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November 13, 2005

US Postal Stamps Help Cancer Research


The "Fund the Fight, Find a Cure" semi-postal stamp was released in July 1998 to help fund breast cancer research.

The stamp’s introduction was a direct result of the efforts of Dr. Ernie Bodai, MD, a Breast Health Specialist who has treated more than 2000 women with breast cancer over the last 15 years. Dr. Bodai travels the United States addressing groups of women about breast cancer.

Dr. Bodai first came up with the idea of selling a slightly higher than normal stamp by talking with numerous breast cancer patients and survivors. He wanted breast cancer research advocates to dictate how the profits from the stamp would be spent (for example, genetic research one year, environmental causes of breast cancer the next year, and so forth). The Breast Cancer Research stamp sells for $0.45 instead of the normal $0.37 for a first class stamp. The additional $0.08 goes to the National Institutes of Health and the Defense Department to help fund breast cancer research. A "normal" book of 20 first class stamps costs $7.40. A book of 20 Breast Cancer Research stamps costs $9.00.

Each year, over 20,000 bills are introduced during Congressional sessions. Of those 20,000 bills, only 200 make it to the floor for discussion. Dr. Bodai and breast cancer research advocates convinced then New York House Representative Susan Molinari to introduce the bill to Congress. After mild opposition in the House and then the Senate, the bill was passed in both houses and sent on to the President in 1997. On August 13, 1997, President Bill Clinton signed the Breast Cancer Research bill, making it Public Law 105-41-only the 41st bill ever to pass through Congress.

The stamp itself was designed by Ethel Kessler, a breast cancer survivor in Bethesda, Maryland and was illustrated by Whitney Sherman of Baltimore, Maryland. The stamp portrays the Roman Goddess, Diana, protector of women in Roman Mythology. Diana is reaching for a quiver, symbolizing that she will protect women from harm. Diana’s arm is raised in the same position a woman would raise her arm during mammography and breast self-examination. In the place of her right breast is the circular "Fund the Fight, Find the Cure" logo.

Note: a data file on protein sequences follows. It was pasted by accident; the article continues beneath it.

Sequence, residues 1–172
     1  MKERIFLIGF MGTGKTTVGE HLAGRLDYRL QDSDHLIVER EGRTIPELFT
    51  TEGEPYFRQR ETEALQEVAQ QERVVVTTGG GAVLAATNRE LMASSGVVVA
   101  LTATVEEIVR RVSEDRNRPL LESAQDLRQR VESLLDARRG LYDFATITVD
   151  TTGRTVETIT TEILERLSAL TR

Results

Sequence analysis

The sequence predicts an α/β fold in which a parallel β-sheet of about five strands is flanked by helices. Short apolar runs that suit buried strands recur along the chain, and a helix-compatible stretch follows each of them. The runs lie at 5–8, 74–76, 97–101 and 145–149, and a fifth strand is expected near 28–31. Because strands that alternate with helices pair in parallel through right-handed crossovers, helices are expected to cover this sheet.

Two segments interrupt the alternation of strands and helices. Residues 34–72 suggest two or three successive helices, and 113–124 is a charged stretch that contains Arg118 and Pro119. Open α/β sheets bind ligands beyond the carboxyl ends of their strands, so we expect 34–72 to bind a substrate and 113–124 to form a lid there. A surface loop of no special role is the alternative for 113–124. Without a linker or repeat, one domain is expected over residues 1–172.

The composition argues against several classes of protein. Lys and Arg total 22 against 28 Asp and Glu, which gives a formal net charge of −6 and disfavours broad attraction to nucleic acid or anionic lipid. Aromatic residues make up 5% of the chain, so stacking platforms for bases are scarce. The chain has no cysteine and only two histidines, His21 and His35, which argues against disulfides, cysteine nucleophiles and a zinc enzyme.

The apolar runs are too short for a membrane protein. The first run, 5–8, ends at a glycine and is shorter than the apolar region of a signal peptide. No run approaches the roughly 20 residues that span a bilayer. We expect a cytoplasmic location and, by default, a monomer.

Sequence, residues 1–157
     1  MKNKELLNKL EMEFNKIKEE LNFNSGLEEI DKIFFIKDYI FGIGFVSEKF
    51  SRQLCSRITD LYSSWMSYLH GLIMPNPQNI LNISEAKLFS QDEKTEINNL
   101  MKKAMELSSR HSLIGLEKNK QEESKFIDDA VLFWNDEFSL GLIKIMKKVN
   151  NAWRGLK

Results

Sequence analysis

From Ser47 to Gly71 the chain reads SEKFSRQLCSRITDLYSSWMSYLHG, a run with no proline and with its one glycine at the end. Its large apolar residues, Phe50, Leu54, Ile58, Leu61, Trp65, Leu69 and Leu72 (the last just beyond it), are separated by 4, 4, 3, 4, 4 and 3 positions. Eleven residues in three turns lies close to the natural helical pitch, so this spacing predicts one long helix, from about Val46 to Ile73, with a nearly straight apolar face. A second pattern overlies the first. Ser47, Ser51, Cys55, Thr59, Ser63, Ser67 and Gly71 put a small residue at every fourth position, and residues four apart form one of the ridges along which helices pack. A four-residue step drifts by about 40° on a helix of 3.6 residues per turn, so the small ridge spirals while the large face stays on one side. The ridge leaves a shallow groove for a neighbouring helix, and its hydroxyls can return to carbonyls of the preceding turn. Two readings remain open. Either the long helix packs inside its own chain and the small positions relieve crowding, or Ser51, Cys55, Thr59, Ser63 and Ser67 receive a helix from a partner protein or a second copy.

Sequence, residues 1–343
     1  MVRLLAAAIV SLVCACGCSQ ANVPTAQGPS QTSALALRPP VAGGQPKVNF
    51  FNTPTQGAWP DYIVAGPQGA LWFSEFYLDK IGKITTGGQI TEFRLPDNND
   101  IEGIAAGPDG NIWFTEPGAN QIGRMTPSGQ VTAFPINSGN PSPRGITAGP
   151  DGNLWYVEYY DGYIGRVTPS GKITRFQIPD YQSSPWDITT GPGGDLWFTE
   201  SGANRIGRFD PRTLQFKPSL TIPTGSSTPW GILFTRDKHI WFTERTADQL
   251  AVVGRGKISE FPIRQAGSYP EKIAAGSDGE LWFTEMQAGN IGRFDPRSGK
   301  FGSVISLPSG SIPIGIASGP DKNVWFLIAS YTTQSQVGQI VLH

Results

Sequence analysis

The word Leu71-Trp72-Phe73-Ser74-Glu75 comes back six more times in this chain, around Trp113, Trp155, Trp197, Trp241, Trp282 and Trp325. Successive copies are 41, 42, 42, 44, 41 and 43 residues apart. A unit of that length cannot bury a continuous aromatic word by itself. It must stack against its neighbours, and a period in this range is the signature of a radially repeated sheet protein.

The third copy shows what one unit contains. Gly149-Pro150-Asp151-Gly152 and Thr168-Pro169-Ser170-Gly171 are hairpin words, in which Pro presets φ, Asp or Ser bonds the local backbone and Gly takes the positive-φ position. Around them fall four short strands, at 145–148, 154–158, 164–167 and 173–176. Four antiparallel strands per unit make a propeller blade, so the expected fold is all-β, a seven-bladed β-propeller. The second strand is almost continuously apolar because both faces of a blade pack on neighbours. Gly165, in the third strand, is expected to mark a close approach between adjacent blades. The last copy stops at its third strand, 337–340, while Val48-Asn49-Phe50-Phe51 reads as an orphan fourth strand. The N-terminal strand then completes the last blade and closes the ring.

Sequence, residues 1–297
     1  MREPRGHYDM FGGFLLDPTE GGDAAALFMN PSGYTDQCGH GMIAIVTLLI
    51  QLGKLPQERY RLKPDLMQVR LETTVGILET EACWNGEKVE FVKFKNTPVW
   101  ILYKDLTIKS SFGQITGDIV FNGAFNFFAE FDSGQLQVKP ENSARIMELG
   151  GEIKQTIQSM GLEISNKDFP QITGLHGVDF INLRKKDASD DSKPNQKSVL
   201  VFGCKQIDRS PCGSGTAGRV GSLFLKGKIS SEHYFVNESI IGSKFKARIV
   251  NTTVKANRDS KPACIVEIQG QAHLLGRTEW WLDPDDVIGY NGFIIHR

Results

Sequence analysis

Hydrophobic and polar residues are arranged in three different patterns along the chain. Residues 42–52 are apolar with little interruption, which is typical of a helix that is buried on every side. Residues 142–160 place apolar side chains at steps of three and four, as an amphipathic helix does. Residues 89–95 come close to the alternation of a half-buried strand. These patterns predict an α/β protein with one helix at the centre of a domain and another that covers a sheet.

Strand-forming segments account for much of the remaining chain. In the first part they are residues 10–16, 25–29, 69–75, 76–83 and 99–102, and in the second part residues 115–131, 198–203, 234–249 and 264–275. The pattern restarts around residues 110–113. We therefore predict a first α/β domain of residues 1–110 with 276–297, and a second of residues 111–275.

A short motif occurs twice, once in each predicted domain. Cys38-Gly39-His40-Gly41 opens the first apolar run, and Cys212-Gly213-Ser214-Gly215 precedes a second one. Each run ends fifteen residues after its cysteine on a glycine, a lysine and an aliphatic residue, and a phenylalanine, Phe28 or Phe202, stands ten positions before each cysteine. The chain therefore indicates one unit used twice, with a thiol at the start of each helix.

At a special White House ceremony in August 1998, the Breast Cancer Research stamp was officially introduced by then First Lady Hillary Rodham Clinton. Elizabeth "Betsy" Mullen, founder and president of the Women's Information Network Against Breast Cancer (WINABC), was a featured speaker at the ceremony. Mullen was diagnosed with breast cancer in 1992 at the age of thirty-three. Through her own struggles with the disease, Mullen became an avid breast cancer advocate. Mullen and fellow WINABC board member David Goodman helped Dr. Bodai gain legislative support for the Breast Cancer Research stamp. Goodman lost his wife to breast cancer in 1997.

It is estimated that over 182,000 American women are diagnosed with breast cancer annually and more than 40,000 American women will die from the disease each year.

Many research studies on new drug treatments and other minimally invasive breast cancer therapies rely on funding from breast cancer support organizations. Over 330 million stamps have been printed since 1998 and distributed to over 40,000 U.S. Postal facilities.

Breast Cancer Research Stamps (45� each), pane of 20, Item #553040, $9.00

Additional Resources and References

  • Breast Cancer Research stamps may be ordered at local U.S. Post Offices or online at http://shop.usps.com/ (under the special stamps section).
  • To learn more about the Breast Cancer Research Stamp and how Elizabeth Betsy Mullen and David Goodman helped Dr. Bodai make it a reality, please visit http://www.winabc.org/

Updated: September 2004

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